Native Nations: The Survival of Indigenous Peoples (3rd ed)

Edited By: Sharlotte Neely & Douglas W. Hume

40.00USD

Within Native Nations: The Survival of Indigenous Peoples (3rd ed), Dr. Sharlotte Neely (Professor Emerita of Anthropology at Northern Kentucky University) and Dr. Douglas W. Hume (Associate Professor of Anthropology and Chair of the Sociology, Anthropology, and Philosophy Department at Northern Kentucky University) have put together an impressive examination pertaining to the survival strategies employed by Indigenous peoples, the world over, in order to discern how Native peoples have maintained their traditional culture, language, sacred lands, and identity.

  • ISBN: 978-1-926476-29-2 (Paperback)
    Price: $40.00
    Binding: Paperback
    Date: 2020
    Rights: World
    Pages: 323
    Size: 6″ x 9″

    ISBN: 978-1-926476-31-5 (EPUB)

  • Table of Contents

    Tables

    Dedication
    Map of the Fourth World
    Table of Contents

    PART I: Introduction
    1. What It Means to Be Indigenous
    Sharlotte Neely

    PART II: Case Studies
    2. The Ainu of Japan
    Jeffry Gayman

    3. Native Australians
    Robert Tonkinson

    4. The Basques of the Pyrenees: The Native Europeans
    Xabier Irujo

    5. Bretons/Brittany Celts (France)
    Michael J. Simonton

    6. Māori of New Zealand
    Margaret Mutu

    7. Suspended Sovereignty: Native Hawaiian/Kānaka Maoli Nationalities, Subjectivities, Historiographies
    ‘Umi Perkins

    8. Native North Americans
    Mark Q. Sutton

    9. Potohari Punjabi of Pakistan
    Stephen M. Lyon

    10. The San of Southern Africa
    Robert Hitchcock, & Maria Sapignoli

    11. The Sami
    Dikka Storm

    12. Taiwanese Indigenous People
    Yuan-Chao Tung

    13. Yanomami of Venezuela
    Douglas W. Hume

    PART III: Conclusion
    14. Teaching Cultural Survival
    Douglas W. Hume

    Index
    About the Authors

  • Sharlotte Neely & Douglas W. Hume

    Sharlotte Neely, PhD is Professor Emerita of Anthropology at Northern Kentucky University. She earned her Ph.D. in anthropology from the University of North Carolina at Chapel Hill and is the author of the book, Snowbird Cherokees as well as numerous other publications.

    Douglas W. Hume, PhD is an Associate Professor of Anthropology and Chair of the Sociology, Anthropology, and Philosophy Department at Northern Kentucky University. He earned his Ph.D. in anthropology from the University of Connecticut and is the author of “Darkness in Academia: Cultural Models of How Anthropologists and Journalists Write About Controversy” in World Cultures eJournal and “Anthropology: Tribal Warfare” in Nature as well as numerous other publications.

     

  • The 3rd edition of Native Nations: The Survival of Indigenous Peoples comes at a pivotal time where Indigenous voices are rising up from around the world. It is important to develop a critical consciousness of the oppression of Indigenous people from a global perspective. This book locates these experiences from seventeen geographic areas through scholarly discourse. Although this collection features the struggles and successes of Indigenous peoples, it also reminds us that these traditional systems do not encompass a singular body of knowledge. They do, however, reflect the many levels of expression, being, and knowing that Western thinking does not presently address.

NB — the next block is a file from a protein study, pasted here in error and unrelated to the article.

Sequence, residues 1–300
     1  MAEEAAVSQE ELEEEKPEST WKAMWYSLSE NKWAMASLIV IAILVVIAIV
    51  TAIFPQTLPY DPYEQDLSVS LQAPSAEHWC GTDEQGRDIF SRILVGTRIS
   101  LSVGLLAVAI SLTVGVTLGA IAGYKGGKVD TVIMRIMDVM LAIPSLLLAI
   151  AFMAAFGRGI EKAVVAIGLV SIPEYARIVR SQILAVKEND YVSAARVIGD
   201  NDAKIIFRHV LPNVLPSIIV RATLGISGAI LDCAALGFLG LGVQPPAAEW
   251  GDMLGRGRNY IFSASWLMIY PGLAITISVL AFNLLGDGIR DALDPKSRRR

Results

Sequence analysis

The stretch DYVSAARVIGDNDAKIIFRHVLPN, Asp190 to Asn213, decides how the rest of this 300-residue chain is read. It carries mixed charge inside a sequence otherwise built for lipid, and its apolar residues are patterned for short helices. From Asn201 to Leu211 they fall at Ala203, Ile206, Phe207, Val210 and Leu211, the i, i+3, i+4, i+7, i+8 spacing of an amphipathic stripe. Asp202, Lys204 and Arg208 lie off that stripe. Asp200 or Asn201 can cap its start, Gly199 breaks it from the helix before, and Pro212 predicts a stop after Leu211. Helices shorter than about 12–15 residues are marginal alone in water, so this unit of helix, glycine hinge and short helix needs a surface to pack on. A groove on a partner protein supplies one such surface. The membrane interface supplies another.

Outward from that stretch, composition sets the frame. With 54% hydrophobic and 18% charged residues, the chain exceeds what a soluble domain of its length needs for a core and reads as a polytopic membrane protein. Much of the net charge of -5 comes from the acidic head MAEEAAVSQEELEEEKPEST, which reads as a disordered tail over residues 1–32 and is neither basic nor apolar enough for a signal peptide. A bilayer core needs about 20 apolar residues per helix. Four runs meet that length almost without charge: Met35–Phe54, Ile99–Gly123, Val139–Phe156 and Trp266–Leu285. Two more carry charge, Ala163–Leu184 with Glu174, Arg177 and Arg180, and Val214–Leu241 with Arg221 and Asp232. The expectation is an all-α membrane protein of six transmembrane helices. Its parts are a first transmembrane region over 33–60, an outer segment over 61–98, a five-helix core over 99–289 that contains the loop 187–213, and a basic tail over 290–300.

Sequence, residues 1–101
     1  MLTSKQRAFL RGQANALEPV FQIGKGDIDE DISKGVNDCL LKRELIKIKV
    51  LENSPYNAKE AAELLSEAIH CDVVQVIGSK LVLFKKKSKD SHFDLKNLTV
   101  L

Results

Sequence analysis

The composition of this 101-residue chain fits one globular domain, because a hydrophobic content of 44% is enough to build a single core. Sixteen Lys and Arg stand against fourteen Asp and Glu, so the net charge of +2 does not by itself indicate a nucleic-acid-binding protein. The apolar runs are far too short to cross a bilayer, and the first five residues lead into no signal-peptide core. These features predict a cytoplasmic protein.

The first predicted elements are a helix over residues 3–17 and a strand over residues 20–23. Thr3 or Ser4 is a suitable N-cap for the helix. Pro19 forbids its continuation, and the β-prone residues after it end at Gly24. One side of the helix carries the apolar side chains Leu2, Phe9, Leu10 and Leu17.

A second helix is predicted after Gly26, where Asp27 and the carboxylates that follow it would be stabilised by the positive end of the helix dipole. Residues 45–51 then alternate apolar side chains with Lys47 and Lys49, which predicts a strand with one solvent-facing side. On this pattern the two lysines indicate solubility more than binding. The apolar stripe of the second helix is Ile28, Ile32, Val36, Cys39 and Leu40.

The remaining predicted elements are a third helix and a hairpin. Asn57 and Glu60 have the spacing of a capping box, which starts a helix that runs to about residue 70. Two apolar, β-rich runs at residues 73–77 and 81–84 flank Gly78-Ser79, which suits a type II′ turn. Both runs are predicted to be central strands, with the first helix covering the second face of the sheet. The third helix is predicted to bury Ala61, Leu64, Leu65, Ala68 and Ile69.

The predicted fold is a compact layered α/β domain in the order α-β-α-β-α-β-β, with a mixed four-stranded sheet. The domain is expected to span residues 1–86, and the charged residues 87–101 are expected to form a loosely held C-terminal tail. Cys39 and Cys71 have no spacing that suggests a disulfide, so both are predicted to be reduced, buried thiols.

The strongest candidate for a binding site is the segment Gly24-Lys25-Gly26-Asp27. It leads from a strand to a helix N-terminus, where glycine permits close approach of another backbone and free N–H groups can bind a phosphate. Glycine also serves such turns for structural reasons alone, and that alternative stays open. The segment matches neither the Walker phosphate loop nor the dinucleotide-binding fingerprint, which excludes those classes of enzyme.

Eric Bates, PhD

    Co-director, Native American Studies Program
    Northern Kentucky University

    The third edition of Native Nations is an outstanding thought-provoking compilation of case studies of indigenous peoples and their struggles for cultural survival. Neely and Hume include examples from around the world, including the Americas, Australia, New Zealand, Japan, Taiwan, Pakistan, South Africa, and Western Europe. This work provides updated views of cultures long studied and held as examples in textbooks and classrooms such as the San, Maori, and Yanomami. Here, the authors and editors tackle complicated, yet vital, issues that Native Peoples face today including revitalization, rights, self-governing, health, and the future, all while situating these in the context of the processes associated with history and globalization that affect change in local populations and the lives of people. This work offers the means to move from listing examples of indigenous peoples and imagining their struggles to survive and preserve their cultures to actually presenting case studies that make these topics substance. It encourages critical thought and the application of concepts to real world issues to better understand our world and the peoples who inhabit it. In an age of diversity and inclusion, this work seriously addresses these notions by giving meaning to them in an edited work that is accessible to the public and certainly to students.

    Toni Copeland, PhD

    Senior Fellow
    Blount Scholars Program
    The University of Alabama